Vocal comping and pitch correction are an indispensable part of modern productions. With enough patience and time, you can put together the perfect guitar solo — even if you weren’t born a virtuoso.
The listener receives perfect audio as the vocal comping expert will edit the audio clip points such as background vocals, lead vocals for a final vocal performance, and song sections mixed from the recording sessions with pro tools.
A perfect vocal track for the music producer and the artist. The song’s emotion and phrasing contribute to recording multiple takes and using the comping process to perfect the final audio file.
If you want to play your show live, it is a good idea to take vocal comping into account when recompiling the individual phrases and cut accordingly.
As a professional, you can now find the best vocal comping jobs near you and anywhere on the planet at Eventeus.com and discuss other professionals and talents from the industry while promoting your services to potential clients.
What is Vocal Comping?
Comping is the established term for editing the track (s) used in the production from all recorded takes. The reasons for this post-processing step vary — depending on the quality of the recordings — from damage limitation to the creative shaping of the vocal performance.
Audible cuts and “drop-ins” of solo vocal tracks by legendary artists from the pre-computer era, which I had in the past for remixes or other tasks, reveal that this is not a pure achievement of modern times.
In the context of audio processing, “vocal comping” refers to a process in which the best parts of a recording are picked out of several takes and combined into a clip. It is then, so to speak, the perfect “Frankenstein take.”
In some commercial productions, this was even broken down to the syllable level of the vocal tracks — in extreme cases, the “Uh” from Take 13 to the “Yeah” from Take 7, possibly with pitch corrections of individual snippets. Takes & Comping in audio editing as long as the comping is technically clean, it will not be noticed. The question of “cheating” does not arise because rest assured: Even the finely honed vocals in the songs of great and talented pop stars are not always one-takes.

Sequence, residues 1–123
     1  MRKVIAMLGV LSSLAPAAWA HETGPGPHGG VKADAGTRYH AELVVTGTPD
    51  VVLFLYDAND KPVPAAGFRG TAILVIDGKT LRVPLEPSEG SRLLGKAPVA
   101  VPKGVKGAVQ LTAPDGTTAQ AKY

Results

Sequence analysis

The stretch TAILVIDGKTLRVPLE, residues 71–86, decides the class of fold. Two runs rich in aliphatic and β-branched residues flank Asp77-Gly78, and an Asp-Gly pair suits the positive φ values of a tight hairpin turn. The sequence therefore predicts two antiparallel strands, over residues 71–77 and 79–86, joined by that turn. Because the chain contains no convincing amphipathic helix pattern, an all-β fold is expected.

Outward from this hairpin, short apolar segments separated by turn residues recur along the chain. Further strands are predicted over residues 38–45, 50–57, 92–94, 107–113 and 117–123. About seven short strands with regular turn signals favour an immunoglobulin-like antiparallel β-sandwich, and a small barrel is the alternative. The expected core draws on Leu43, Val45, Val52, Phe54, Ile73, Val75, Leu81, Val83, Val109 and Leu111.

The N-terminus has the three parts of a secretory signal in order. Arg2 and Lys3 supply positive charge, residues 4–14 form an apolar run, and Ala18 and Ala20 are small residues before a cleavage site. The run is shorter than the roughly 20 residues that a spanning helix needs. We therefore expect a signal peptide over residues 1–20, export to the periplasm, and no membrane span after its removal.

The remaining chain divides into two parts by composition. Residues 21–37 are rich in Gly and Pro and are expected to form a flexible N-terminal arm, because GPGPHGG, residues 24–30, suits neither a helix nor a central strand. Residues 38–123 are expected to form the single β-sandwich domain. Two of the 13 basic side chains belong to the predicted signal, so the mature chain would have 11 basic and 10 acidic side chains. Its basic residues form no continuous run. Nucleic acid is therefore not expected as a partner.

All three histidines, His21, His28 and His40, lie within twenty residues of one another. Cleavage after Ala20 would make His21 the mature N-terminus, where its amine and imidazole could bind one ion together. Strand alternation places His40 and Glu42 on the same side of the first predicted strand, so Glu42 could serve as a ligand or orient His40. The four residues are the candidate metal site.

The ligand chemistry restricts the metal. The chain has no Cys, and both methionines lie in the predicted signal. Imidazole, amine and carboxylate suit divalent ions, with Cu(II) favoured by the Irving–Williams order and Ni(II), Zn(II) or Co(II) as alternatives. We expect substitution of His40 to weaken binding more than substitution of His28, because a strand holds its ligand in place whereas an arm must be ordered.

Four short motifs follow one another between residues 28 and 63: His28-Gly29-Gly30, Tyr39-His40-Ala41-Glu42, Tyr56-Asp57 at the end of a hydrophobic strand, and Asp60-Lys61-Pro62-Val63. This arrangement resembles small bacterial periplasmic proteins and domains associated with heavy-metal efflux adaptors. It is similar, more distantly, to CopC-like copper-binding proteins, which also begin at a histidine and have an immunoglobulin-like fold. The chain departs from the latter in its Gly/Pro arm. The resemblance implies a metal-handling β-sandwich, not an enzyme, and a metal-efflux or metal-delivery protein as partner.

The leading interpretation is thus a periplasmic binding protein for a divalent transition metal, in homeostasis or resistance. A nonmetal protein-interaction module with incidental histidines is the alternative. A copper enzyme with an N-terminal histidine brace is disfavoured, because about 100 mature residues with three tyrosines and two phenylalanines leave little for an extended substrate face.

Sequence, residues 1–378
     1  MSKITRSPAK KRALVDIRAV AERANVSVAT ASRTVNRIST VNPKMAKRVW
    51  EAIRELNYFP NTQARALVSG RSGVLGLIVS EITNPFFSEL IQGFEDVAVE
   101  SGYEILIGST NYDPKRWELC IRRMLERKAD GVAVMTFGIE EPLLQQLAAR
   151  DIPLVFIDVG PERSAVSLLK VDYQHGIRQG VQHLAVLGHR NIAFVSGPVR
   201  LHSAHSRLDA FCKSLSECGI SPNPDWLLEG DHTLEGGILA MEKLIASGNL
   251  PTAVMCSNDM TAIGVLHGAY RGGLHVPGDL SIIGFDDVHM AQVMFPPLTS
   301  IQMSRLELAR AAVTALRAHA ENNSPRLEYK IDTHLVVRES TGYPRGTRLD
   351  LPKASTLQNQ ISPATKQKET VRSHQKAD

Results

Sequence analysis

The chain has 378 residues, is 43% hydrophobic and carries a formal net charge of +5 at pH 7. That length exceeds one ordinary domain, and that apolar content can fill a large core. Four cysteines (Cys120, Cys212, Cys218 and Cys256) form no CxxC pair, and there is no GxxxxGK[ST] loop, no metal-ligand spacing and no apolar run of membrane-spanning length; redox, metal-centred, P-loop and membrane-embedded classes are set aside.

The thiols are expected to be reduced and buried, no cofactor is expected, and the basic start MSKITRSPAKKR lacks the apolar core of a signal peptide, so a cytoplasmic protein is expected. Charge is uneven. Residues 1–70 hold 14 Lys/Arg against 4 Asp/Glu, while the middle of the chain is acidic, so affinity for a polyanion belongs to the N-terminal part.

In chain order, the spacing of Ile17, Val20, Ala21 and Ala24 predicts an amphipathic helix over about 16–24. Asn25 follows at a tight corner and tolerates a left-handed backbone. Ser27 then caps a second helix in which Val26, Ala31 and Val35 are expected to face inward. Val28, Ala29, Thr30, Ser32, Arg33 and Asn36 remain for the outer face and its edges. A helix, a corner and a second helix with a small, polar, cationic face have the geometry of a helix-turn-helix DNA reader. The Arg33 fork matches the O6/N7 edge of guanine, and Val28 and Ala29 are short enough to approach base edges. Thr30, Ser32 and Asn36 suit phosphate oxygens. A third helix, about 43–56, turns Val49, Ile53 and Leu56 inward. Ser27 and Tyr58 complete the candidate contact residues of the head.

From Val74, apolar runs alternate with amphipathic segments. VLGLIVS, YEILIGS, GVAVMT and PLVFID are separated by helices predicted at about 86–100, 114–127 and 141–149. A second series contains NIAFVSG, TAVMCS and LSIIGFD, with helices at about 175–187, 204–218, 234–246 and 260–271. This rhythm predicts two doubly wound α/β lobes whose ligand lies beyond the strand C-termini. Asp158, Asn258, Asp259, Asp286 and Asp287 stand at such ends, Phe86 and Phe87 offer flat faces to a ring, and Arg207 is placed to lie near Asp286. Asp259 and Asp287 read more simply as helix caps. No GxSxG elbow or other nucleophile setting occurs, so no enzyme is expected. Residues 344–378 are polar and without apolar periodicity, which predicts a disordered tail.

What does a Vocal Comping Professional do?
Modern audio programs offer very convenient functions for comping. In some DAWs in loop recording mode, a separate track can be created automatically for each new pass. The procedure in which the individual takes is clearly arranged one below the other is just as convenient (see picture).
With some music editing programs, it has long been the case that there is no longer any need to cut and glue, but instead, the end product of the comping is composed solely of places in the individual takes that are marked as preferred.
Finally, there is another huge advantage to be mentioned: You can record several, preferably several dozen, takes in one go, and later use a large pool at any time without the embarrassment of having to set up the recording equipment again. Not to mention that as a producer, you by no means always have the opportunity to have vocalists and instrumentalists dance in for new recordings.
How does a vocal comping expert judge the individual takes?
Each vocal recording selection is, of course, subjective, but there are also some objective selection criteria below :
- Correctness of the melody and the text
- Speech intelligibility
- Sound, “technical” (overloads, noise, partially unfavorable position to the mic, etc.)
It becomes a bit more subjective when choosing according to the following criteria:
- “Expression” (e.g., does the power singing fit the fragile text content or vice versa?)
- Sound of the voice (breathy, present, pressed, confident, fragile, chest voice, head voice, etc.)
- Type and authenticity of pronunciation
The decision as to whether an audio region is well suited for use in production is generally made based on the criteria mentioned. Experience has taught me that while comping, it is sometimes helpful to activate automatic pitch correction.
Tips for a successful vocal comping:
- If possible, cuts should be made in places where there is no singing.
- Cut before or after, but not while breathing. Cutting behind a breath is the optimal choice because of the room’s possible reverberation from the previously sung, possibly unused phrase.
- Cuts are to be concealed with suitable fades.
- Consonants at the end of a word must always be considered because of speech intelligibility.
- Cuts within individual syllables should be avoided if possible, but sometimes necessary. Tinkering with different fade curves/lengths is usually required here. Pro-tools favor sample-accurate editing, which can sometimes produce fantastic results without any fades / cross-fades.
How much can you make with Vocal Comping?
You can expect to earn up to €60,000 in your dream job as a vocal comping specialist. But you can expect a salary of at least €30,000.
The average salary in Europe is €37,500. Anyone looking for a job as a video editor will find numerous jobs and offers worldwide with Eventeus.com.
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